Enter Scott McCall, who we know’s not king of the high school halls because of course he’s got an inhaler and doesn’t start for his the lacrosse team (his high school’s Quidditch). Also enter Allison Argent, the new supermodel at school, whose name evokes not just Lou Diamond Philip’s ‘John Kanin’ from Wolf Lake but Matt Wagner’s main Grendel-foe, ‘Argent.’ But if we can accept Inception’s ‘Ariadne’ webmaster, then swallowing one more werewolf pun should be second nature (‘loup-garou’ has been killed to death as well, and did we ever not know Lupin was a werewolf?). And, yes, as the genre dictates, enter one suspicious creature prowling the moors, as it were, providing the bite-and-run catalyst we need to see how this new infection’s going to play out come Monday morning, when schools starts. Also of interest here, talking about werewolf tropes, is that both McCall and who finally emerges as maybe the biter, they’ve got dark hair. Just like Taylor Lautner’s Jacob, from Twilight, which itself is already evoking the Indian werewolves of X-Files, CHiPs, etc. I used to always think this was kind of a backhanded kind of compliment, making Indians be the werewolves — kind of typecasting us as ‘that’ close to nature, to our ‘animal selves,’ I don’t know. Or maybe if we’re predatory animals there’s just less guilt about killing us. It feels responsible, even. But I finally don’t think that’s it. I think what’s going on is as simple as hair color: outside of Ginger Snaps — which used it — you don’t see many blond werewolves, do you? Because . . . I don’t know. All our socialized ideas and preconceptions about white and black? Because seeing the ‘darkness’ take shape is scarier than having a frosted-with-highlights creature step out from behind the tree? Because the effects crew finds it easier to work with dark fur? Because ‘swarthy’ equals ‘dangerous’ somehow? Pirates tend to be brunette as well, I guess, don’t they?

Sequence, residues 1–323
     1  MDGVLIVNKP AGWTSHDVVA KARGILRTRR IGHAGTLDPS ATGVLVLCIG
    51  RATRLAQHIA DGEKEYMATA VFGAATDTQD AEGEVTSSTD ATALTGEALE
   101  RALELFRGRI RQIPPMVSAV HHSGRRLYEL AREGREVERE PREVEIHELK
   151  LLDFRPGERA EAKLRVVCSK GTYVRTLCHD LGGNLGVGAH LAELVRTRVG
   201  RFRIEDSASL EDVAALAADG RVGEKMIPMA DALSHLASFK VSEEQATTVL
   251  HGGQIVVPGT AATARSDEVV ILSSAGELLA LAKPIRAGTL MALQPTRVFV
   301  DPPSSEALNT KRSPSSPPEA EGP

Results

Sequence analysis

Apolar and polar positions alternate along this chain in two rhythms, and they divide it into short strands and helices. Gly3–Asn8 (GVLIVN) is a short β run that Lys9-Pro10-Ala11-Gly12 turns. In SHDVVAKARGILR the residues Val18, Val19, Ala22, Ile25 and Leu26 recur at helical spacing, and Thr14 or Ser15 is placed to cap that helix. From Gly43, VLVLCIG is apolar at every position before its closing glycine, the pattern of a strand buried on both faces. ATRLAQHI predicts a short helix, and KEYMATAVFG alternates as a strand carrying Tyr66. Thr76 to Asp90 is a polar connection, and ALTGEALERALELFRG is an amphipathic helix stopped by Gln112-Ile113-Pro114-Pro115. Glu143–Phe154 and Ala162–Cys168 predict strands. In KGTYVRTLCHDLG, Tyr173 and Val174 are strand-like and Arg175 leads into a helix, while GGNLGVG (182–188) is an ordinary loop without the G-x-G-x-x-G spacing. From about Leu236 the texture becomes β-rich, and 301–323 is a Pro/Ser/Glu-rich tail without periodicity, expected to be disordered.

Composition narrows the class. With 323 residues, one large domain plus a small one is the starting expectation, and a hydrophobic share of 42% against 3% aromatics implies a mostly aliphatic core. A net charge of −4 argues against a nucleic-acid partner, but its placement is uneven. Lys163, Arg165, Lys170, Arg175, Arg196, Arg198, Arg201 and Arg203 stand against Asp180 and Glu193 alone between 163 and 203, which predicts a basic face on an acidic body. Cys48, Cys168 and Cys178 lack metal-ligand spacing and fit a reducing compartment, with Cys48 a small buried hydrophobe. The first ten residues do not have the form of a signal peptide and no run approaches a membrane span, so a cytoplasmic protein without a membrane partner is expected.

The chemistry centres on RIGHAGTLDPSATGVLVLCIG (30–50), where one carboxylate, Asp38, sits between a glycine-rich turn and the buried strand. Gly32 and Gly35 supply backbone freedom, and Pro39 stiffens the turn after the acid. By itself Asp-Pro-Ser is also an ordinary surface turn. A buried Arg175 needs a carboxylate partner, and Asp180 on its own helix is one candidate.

Whatever it is, this dark-haired Scott McCall, yep, he gets bitten, luckily has a (blond-ish) friend with internet tendencies who can look up this particular affliction, and of course this new Argent girl’s smoldering her eyes at him, and, as he doesn’t need his inhaler, he can seriously jam at lacrosse now, can get that golden snitch each time. Well, if he can just keep the wolf in check — which is where this Teen Wolf’s harkening back more to the Michael Landon version, not the more antiseptic Michael J. Fox version (in its defense, though, the second Teen Wolf was built for the movie theater, not the drive-in). Aside from there being different body-types with werewolves, there’s also differences in what activates the lycanthropy: for some it’s the moon, for some it can be blood, or menstrual cycles (see Justine Larbalestier’s Liar), for others it’s a willpower thing, for Michael Jackson it was the beat, I guess, and, for McCall, here, it’s the Incredible Hulk version — anger. He can’t turn it on and off like might be convenient, but — at least for now — is victim to his own hormones, his own inner turmoil, which is helping him on the lacrosse field, yes, maybe even giving him some pheromones to get the new girl interested, some ears and a nose that are pretty good expositional tools, but it’s also endangering everybody around him.
Which is to say, yes, he’s a teenager. He’s having to figure out how to control himself, and he’s in a situation — there’s mystery, there’s intrigue, there’s people already after him — that serves simply to dramatize that, to make it interesting. Who wants to read about a kid just growing up, right? We are a sophisticated audience, yes, but we’re also an audience with a low tolerance for boredom. So, dress that growing-up in some tattered clothes, give it some claws and teeth, and Teen Wolf’s off and running, looks to be one of the stronger werewolf outings in a long while, now, and will hopefully give us a few seasons of blood and lessons.